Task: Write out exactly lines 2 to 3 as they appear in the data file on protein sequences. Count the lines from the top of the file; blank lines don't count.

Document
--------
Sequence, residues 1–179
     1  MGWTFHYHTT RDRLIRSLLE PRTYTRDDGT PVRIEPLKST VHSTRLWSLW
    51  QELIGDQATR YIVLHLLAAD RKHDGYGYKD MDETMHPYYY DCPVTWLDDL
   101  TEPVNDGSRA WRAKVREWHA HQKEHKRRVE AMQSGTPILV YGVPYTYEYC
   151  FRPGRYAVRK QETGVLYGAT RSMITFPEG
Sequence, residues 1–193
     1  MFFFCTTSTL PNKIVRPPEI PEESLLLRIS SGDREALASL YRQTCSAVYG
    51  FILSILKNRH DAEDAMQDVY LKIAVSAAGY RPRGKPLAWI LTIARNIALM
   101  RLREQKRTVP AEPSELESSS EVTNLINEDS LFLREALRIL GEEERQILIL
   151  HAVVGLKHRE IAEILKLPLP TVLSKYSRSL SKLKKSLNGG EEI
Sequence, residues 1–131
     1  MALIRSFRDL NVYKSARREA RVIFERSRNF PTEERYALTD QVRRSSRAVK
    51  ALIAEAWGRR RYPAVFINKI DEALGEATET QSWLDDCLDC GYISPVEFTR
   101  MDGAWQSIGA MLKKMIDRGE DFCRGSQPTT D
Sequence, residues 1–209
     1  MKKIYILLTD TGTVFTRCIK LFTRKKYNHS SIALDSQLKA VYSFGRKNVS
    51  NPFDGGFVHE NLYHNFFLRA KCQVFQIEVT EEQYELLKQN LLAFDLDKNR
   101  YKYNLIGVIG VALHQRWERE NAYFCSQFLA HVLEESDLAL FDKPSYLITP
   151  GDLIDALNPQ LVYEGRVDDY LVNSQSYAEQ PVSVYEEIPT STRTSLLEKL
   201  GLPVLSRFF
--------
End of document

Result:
     1  MGWTFHYHTT RDRLIRSLLE PRTYTRDDGT PVRIEPLKST VHSTRLWSLW
    51  QELIGDQATR YIVLHLLAAD RKHDGYGYKD MDETMHPYYY DCPVTWLDDL